This competition raises money for Nourish Food Bank. The winning poem, by public vote, has £50 sent to Nourish in the poet’s name. Voting is by “likes” and ends 12th July 2018.
The night he came home complaining of the flu
she helped him to bed with enough whiskey to fell an ox,
knowing she had just one chance to make this work.
As he snored she packed the children’s bags,
no more than each could carry and enough space left
for a love-worn elephant, a frayed and floppy rabbit.
At five she brought him tea, more whiskey, paracetamol.
She made him comfortable, waited till he drifted off again.
Then she woke each child in turn, eldest first,
shushing their sleepy bodies into home-knit sweaters,
thick socks, stout shoes, best overcoats; sitting them
in shocked silence as she briskly dressed the next.
The baby she carried to the car, his nappy soiled, afraid
his angry cries might wake the dead, or heavy sleeping.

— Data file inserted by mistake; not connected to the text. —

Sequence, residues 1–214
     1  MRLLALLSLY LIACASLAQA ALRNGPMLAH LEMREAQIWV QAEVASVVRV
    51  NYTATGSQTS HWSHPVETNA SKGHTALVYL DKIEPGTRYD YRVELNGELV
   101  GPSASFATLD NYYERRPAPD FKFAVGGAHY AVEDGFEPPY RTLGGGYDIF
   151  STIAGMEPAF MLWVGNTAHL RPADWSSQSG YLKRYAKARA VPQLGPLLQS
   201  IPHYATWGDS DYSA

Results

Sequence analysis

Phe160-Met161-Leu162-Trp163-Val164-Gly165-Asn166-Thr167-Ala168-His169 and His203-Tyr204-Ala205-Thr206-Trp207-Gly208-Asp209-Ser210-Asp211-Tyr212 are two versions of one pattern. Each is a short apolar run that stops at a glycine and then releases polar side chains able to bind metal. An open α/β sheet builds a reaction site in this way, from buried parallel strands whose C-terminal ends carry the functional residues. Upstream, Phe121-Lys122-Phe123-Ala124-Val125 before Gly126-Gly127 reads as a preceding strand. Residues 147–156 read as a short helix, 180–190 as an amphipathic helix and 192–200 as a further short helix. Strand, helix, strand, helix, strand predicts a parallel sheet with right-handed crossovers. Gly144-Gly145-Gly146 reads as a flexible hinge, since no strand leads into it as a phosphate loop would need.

Brake off, she rolled the car downhill, towards the town,
starting the engine only when she saw the blue-black port,
the island ferry stolid, roped tight against its mooring.
At half-past six she stood on deck, watched the dock recede:
ahead a dullache day of wind-rough sea, of rail and road,
of hope the refuge that she’d read about would take them in.
A decade later, packing boxes at the local foodbank, she sees
another family, like hers back then with less than nothing.
Remembers that first meal: donated tins of tuna, sweetcorn,
plum tomatoes, with mashed potato mixed with forks;
her hungry children slurping tea from gaudy mugs.
Knows that nothing will ever taste as sweet as freedom
and the generosity of nameless friends she’ll never meet.